Review: The Last Orphans

The Last Orphans

I really wanted to like The Last Orphans, based on both its plot synopsis and title, but, unfortunately, I didn’t. The setup is intriguing-after all the adults around are seemingly killed in incredibly gruesome ways, Shane, a high school junior, ends up in charge of a group of ragtag kids which includes Kelly, his longtime crush. Together, they must find out what’s going on and figure out how to survive.

Unfortunately, the execution lacked a lot. While the imagery and descriptions were pretty fantastic-seriously, the scene with the bees almost gave me hives-that was the only thing that worked for me.

The story actually takes place over only a couple of days, starting just before the adults start dying. Shane, the protagonist, is serviceable enough, but you don’t really get too attached to him because, beyond a few little hints of depth, his character’s pretty shallow. The other characters in the story are just as flat, to the point where I got bored during a couple of death scenes which were meant to be touching. Rather than being a caretaker of the kids, as the plot seemed to suggest, Shane is just a sort of temporary leader who doesn’t really seem to connect with any of them besides his small circle of friends.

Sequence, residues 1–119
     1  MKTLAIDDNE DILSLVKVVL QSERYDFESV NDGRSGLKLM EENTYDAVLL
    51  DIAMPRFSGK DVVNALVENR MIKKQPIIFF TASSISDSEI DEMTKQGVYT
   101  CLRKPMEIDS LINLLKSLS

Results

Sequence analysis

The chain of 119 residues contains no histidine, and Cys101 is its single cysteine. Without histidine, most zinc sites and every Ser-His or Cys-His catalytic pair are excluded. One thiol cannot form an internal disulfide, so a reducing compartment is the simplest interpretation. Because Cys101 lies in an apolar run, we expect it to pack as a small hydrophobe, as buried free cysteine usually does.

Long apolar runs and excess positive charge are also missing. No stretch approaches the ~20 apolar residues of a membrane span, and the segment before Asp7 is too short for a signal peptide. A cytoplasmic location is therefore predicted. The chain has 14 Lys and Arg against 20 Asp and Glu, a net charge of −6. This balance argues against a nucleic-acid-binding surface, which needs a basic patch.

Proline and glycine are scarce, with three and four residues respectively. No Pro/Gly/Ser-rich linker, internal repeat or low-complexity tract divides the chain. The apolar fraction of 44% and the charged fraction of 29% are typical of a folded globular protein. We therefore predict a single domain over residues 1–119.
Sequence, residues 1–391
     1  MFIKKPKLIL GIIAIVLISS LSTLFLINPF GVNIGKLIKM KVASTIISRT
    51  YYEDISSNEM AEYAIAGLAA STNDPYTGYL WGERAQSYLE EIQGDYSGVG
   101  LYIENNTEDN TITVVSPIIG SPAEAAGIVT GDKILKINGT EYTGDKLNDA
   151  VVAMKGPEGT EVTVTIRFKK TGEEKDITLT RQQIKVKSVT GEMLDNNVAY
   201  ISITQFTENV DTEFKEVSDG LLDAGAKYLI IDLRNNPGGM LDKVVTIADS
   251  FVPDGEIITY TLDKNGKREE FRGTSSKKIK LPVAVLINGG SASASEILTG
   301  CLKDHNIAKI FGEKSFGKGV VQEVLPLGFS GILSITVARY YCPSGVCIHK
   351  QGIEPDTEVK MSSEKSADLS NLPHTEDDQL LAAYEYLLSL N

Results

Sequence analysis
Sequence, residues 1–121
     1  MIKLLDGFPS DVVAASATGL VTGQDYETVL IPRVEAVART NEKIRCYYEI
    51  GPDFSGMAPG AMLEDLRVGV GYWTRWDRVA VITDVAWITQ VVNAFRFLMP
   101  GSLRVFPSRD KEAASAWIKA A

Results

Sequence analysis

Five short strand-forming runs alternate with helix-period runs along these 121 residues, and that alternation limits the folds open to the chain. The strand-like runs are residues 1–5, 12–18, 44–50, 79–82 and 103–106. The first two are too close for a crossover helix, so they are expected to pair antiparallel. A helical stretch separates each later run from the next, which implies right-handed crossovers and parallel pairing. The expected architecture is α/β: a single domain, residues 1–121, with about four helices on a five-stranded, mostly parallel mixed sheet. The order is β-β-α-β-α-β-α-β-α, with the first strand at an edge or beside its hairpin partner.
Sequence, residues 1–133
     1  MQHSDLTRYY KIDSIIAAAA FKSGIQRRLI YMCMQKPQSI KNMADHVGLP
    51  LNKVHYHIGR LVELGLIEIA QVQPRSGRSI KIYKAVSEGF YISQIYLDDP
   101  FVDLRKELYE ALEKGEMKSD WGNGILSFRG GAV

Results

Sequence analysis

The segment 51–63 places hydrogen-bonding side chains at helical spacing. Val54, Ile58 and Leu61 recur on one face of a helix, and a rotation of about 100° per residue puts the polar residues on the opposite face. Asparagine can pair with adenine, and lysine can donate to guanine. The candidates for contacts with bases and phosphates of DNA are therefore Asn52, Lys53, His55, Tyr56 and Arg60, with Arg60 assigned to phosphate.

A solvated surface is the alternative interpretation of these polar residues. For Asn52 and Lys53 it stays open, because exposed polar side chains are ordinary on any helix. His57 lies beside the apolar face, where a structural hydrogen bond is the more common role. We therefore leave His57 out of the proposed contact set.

There’s not actually a whole lot of plot in the novel: mostly, it consists of several action scenes tied together with scenes where the characters are driving around. The action, again, has some incredibly explicit video-game style violence, but none of it builds to a satisfying climax. Furthermore, the reason behind the apocalypse is, frankly, silly and implausible, as is the way the kids manage to fix things (and the ease with which they do it).

Special mention must be made of the stereotypical depiction of the inner-city thugs (yes, we all know what that’s code for), which didn’t fail to leave a bad taste in my mouth.

Overall, I was genuinely excited to read this book when I started it, but my excitement quickly turned to disappointment. It’s dull, poorly-plotted, and populated with static characters, and I will not be picking up its sequel.

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